By Brad 35 Comments
Probably aren't a lot of surprises in the games I picked for my personal list for the year, but maybe the order of these big names at least differs from yours. Let's have a discussion!
This would probably be way higher if I'd gotten to spend more time with the later levels, spent some time building my own, and then downloaded the best ones others have uploaded to PSN. I only spent a handful of hours bounding around the first few stages in two-player on the couch with my girlfriend--and the giggles that resulted were more than enough to ensure it a place here. Definitely going to put more time into LBP now that the unfortunate server and moderation issues have been ironed out.
9. Viva Pinata: Trouble in Paradise
If Trouble in Paradise were a PC game, it would have been released as an expansion pack for the original Viva Pinata--but then, it was priced like an expansion pack anyway. There were plenty of new areas and pinatas to complement all the recycled content, and the streamlined menus and more accessible information made this one the more pleasant experience I wish the first one had been.
8. Grand Theft Auto IV
Best sense of place in any video game this year, or perhaps ever. Rockstar captured the New York City feel sublimely, from the look of the skyline and the grit on the streets to the Helvetica font in the menus, the same as you see in the city's subway signage. Honestly believable characters, too. This is a crime drama for the ages.
7. Left 4 Dead
Mass zombie attacks will never get old, but Valve found a way to make them even spicier with the best cooperative shooting experience all year. Just as good as the action were the characters--Bill, Louis, Zoey, and Francis--and the contextual narrative that emerged through them. I actually sensed the dire circumstances of the undead apocalypse throughout every map, just thanks to the quips the four characters made, and the desperate scrawls left on safehouse walls by previous survivors.
6. Gears of War 2
I went from "Ho hum, more Gears" to "Dude, more Gears!" in the first 10 minutes. The campaign more than lives up to Mr. B's constant refrain of "bigger, better, more badass" with enormous, larger-than-life action. But Horde mode is the real star of the show, giving you a great way to play multiplayer cooperatively without all the foul-mouthed adolescents and matchmaking issues of the competitive online modes.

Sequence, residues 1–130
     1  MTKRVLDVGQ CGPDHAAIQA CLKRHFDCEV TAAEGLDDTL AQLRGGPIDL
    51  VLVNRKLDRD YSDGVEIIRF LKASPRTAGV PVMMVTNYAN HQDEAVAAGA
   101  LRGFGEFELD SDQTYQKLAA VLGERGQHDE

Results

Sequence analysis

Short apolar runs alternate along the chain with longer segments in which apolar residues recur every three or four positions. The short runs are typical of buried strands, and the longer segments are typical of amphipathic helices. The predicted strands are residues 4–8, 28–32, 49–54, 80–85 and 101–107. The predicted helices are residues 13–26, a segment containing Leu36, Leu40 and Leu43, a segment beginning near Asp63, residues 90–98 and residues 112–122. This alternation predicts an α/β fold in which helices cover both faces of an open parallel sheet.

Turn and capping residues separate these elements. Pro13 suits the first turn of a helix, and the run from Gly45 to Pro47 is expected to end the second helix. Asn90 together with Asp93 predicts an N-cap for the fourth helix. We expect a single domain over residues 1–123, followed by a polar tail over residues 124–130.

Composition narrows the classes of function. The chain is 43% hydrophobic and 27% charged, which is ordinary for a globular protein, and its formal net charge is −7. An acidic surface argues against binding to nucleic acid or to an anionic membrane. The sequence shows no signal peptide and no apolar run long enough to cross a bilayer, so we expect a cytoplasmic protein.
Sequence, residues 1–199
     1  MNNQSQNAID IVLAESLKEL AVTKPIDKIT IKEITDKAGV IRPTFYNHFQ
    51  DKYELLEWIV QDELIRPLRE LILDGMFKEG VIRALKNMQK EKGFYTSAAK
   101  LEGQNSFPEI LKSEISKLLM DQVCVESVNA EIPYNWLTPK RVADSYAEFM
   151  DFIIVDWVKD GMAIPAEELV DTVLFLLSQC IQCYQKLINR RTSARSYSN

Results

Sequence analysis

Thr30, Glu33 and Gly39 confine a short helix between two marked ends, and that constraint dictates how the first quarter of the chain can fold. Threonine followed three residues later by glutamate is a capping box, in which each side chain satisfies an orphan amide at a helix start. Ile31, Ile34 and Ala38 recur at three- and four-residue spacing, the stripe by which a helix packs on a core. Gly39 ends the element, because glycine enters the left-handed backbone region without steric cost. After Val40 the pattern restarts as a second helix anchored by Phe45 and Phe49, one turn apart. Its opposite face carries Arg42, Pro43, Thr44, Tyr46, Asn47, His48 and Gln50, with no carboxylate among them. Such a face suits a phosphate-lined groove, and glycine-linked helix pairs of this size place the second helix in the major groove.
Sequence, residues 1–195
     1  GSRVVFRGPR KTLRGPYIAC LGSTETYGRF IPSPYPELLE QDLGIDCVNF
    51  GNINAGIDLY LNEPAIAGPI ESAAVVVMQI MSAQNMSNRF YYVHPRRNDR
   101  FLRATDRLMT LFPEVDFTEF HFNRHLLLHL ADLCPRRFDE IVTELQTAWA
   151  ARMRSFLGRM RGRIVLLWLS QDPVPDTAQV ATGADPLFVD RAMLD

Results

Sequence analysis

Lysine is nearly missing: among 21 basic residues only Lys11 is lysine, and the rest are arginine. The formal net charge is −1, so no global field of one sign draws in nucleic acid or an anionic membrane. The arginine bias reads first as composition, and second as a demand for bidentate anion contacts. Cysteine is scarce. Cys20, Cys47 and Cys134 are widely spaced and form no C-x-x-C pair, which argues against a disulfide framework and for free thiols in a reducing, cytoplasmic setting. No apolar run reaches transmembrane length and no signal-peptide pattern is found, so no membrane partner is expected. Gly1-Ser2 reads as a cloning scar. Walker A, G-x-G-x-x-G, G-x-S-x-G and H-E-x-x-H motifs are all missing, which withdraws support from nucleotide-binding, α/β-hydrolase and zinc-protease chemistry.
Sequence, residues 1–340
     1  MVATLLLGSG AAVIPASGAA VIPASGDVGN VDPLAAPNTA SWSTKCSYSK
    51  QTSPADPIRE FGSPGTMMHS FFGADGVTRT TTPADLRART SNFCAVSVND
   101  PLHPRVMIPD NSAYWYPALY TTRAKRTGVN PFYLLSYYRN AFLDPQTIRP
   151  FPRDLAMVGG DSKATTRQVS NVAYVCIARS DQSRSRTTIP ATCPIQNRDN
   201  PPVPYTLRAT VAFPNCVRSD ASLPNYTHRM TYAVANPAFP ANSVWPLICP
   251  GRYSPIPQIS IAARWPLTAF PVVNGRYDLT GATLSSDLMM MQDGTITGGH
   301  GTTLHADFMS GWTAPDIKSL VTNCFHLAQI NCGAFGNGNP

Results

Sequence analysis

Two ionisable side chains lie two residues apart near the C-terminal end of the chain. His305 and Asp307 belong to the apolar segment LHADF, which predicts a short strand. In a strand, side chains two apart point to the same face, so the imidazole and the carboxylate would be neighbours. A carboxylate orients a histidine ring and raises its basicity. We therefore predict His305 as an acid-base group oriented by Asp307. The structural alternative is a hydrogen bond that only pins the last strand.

5. Burnout Paradise
The open-world single-player missions were moderately entertaining, but Paradise really came to life online. Tackling the dozens of over-the-top multiplayer challenges with up to seven friends, making enormous jumps, crashing head-on into each other--all with hilarious voice chat going the whole time--was the most fun I had online this year. It's this year's Uno! ...What does that even mean?
4. Dead Space
This wasn't the most original game of the year, but it might have been the best-crafted, most-polished one. Dead Space knows exactly what it's trying to do, and it does it incredibly well without straying beyond its scope. Great atmosphere and scares, surprisingly satisfying shooting, utterly gorgeous visuals--a real class act from EA Redwood Shores.
3. Metal Gear Solid 4
Flat-out best-looking game of the year that also happened to be the best-playing game in the MGS series. The marriage of cinematic production values and balls-out action offered the most stunning set-piece moments of gameplay I witnessed in this or any year. Solid Snake, I'm gonna miss ya.
2. Geometry Wars 2
Downloadable game at number two! Yeeeah. Bizarre Creations went so far above and beyond what they needed to do in a Geometry Wars sequel. The new modes were both more numerous and more ingenious that I could have possibly wished for, and the way the game integrated high score lists right into the menus and in-game displays really stoked your desire to beat all of your friends. I'll never get tired of playing this intensely skill-based game...until Geometry Wars 3, at least.
1. Banjo-Kazooie: Nuts & Bolts
Yeah, you read it right. This was the most fun I had simply playing a game in 2008. The vehicle-building isn't a gimmick; it's absolutely integral to the gameplay. It gives you tons of options to approach the huge variety of mission objectives in unique, creative, satisfying ways. Plus, it was the funniest, cleverest game all year. Somebody at Rare really knows my sense of humor, I guess.